Posted by: Jan Massie [TypeKey Profile Page] at March 5, 2009 07:35 PM

From a birds perspective:(i.e a twitter user)

If the birds knew that their collective tweets would be assimilated to alter there natural course of evolution would they still continue tweeting? i.e if we had a device that summed up the top 3 bird concerns today and then some other superior birds used the information to alter the natural course how would this affect the birds. The innocent tweets will frankly disappear into loud orchestrated voices. Orchestrated being the key word there.

Being a normal human being (the rest 99.9% of population not on twitter)
Most of the time I never listen to bird tweets. only maybe on sunday's when I am curious to explore other forms of life. Beyond that it is either amusing music or sometimes when I trying to concentrate - pure noise.

Posted by: niraj j [TypeKey Profile Page] at March 5, 2009 08:38 PM

Nick, welcome to the 90s - Gartner took 3,4,5 words and made them into acronyms. Or was it the military in the 60s with FUBAR and SNAFU? :)

Posted by: Anonymous [TypeKey Profile Page] at March 5, 2009 09:42 PM

Monks live in the gaps between words and meditators look for the gaps between thoughts. Every inner "technology" for awareness starts with slowing down thoughts, stimuli and cravings looking for empty spaces.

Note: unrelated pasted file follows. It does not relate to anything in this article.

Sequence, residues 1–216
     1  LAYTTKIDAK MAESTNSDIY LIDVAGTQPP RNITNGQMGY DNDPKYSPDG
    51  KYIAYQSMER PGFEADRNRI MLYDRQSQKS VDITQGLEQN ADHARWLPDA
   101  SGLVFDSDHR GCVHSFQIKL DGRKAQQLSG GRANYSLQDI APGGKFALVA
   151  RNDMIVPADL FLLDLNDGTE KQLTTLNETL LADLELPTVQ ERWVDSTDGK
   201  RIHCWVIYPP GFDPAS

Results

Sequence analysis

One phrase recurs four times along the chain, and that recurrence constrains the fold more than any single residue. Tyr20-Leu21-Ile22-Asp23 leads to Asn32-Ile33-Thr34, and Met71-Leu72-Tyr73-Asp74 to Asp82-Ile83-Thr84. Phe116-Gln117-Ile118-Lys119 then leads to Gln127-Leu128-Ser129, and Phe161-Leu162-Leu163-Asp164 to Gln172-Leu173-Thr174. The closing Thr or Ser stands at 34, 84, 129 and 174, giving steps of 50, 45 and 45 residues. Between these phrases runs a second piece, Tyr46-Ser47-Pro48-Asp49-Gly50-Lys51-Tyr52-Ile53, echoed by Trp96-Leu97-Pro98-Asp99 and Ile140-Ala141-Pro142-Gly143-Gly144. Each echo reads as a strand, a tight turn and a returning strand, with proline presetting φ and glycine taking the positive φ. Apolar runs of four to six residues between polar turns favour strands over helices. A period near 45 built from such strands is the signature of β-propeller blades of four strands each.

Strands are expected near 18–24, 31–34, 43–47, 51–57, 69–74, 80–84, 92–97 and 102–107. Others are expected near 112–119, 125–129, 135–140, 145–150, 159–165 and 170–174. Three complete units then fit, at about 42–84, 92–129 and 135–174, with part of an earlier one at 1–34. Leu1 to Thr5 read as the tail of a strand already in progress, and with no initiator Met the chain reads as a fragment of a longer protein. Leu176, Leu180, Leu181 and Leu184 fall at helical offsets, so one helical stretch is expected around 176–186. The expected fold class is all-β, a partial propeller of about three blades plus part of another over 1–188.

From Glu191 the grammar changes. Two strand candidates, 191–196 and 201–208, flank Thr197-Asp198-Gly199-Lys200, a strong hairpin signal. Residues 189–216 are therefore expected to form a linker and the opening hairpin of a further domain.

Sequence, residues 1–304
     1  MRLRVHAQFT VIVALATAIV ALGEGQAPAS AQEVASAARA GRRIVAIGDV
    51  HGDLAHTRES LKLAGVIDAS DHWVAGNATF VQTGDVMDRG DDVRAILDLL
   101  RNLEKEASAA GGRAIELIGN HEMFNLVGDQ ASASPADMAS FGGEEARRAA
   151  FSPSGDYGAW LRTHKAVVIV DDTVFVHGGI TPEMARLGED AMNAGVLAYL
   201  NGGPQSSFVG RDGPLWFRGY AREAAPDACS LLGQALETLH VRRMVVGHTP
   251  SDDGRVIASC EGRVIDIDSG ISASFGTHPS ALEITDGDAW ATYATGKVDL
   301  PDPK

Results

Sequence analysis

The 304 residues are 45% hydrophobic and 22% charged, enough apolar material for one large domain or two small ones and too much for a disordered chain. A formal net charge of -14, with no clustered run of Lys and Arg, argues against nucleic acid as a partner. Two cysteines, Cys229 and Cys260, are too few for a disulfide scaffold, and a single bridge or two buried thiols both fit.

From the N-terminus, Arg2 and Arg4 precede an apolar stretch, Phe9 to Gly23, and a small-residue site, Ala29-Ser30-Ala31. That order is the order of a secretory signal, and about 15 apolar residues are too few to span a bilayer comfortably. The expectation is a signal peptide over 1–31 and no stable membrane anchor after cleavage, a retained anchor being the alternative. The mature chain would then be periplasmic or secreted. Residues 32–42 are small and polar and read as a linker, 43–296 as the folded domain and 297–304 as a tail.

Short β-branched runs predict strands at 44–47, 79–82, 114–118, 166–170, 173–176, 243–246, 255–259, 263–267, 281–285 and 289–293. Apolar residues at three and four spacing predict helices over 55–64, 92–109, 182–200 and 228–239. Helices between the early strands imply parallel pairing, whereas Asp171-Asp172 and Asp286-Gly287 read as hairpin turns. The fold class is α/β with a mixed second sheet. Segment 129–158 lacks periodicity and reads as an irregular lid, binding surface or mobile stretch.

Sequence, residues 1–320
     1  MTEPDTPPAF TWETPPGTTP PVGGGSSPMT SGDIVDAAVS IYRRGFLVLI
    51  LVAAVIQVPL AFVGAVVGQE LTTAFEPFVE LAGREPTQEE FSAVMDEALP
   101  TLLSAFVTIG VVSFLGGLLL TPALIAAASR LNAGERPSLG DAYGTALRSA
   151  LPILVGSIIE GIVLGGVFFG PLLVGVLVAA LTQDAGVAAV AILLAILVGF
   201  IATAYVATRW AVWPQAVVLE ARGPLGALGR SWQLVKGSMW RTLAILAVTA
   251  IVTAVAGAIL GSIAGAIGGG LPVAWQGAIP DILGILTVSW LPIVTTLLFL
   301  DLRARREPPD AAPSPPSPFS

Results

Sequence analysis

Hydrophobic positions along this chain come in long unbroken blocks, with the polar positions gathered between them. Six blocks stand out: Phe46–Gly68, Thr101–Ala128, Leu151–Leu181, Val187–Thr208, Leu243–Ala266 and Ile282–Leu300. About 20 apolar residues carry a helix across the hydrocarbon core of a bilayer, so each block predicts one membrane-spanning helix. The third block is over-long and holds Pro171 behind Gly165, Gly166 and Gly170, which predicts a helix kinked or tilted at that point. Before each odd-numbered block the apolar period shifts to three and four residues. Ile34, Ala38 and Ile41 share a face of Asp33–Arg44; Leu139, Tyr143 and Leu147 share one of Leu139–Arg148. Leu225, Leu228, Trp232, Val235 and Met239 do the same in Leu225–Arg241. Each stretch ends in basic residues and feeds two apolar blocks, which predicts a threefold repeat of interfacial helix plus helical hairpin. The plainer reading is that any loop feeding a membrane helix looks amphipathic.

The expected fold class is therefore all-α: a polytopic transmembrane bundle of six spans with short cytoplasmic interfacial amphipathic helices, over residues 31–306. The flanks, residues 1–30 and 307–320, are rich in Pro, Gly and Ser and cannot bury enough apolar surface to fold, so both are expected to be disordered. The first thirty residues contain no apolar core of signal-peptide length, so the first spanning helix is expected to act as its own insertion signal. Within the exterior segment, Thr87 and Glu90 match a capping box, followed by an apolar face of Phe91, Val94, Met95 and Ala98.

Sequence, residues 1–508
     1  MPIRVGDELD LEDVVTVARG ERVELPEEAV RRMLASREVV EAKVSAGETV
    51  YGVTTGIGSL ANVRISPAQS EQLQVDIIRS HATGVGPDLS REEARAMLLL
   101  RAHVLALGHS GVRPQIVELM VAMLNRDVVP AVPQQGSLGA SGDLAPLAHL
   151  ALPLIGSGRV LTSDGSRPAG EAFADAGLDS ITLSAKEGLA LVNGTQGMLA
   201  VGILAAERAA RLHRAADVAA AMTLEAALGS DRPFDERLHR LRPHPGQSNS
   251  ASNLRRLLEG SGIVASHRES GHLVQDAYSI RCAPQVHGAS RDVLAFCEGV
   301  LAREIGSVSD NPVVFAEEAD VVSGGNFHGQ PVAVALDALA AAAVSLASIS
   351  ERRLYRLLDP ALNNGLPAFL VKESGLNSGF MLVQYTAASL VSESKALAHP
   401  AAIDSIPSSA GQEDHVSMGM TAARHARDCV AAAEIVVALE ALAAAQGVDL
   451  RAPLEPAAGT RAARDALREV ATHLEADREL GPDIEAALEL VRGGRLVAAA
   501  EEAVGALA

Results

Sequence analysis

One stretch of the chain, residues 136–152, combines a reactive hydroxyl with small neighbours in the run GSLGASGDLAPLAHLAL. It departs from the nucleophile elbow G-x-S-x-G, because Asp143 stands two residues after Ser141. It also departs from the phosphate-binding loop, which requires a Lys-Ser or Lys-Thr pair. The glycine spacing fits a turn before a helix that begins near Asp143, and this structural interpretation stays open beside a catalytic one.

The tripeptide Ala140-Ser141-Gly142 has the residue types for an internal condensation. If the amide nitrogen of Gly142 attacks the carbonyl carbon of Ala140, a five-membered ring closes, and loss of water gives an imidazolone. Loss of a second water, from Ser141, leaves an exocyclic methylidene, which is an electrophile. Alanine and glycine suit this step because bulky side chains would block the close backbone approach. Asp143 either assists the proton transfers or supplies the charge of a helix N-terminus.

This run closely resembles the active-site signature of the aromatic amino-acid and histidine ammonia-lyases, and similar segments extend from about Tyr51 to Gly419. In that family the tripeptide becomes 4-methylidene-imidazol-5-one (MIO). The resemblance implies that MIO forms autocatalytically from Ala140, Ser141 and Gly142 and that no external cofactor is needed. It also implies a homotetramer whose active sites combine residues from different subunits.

But the realized mystic, an enlightened being, lives in an unending flow, in a condition labelled as "here and now". No more gaps between thoughts, actions and the awareness of them. This is a state beyond time but, as all mystics say, more real than the ordinary interpretation of the world by the mind. Real realtime.

In my opinion, technologically realtime and the will toward speed is a simulation limited on the mental level of a deeper spiritual need where the unending "here and now" flow is joyfully free from the mind's interference. On a technologically level it won't free anything. It's just cluttering our minds preventing them to see the spaces. Even the hidden spaces between letters and words.

Posted by: Ivo Quartiroli [TypeKey Profile Page] at March 5, 2009 10:43 PM

Realtime refers to computer systems that update information at the same rate they receive information.
The space between real and time before they become one word existed to alllow technology havr fun at us by imposing nonsense trough a discipline that aims to eliminate uncertanties and absurdities.

My concern about living in real time is that the dreams that generate big inventions will disapear.
Reflecting about problematic stuff will scease.
The perpetuation of habitual actions that are not necesarily beneficial will not be modified.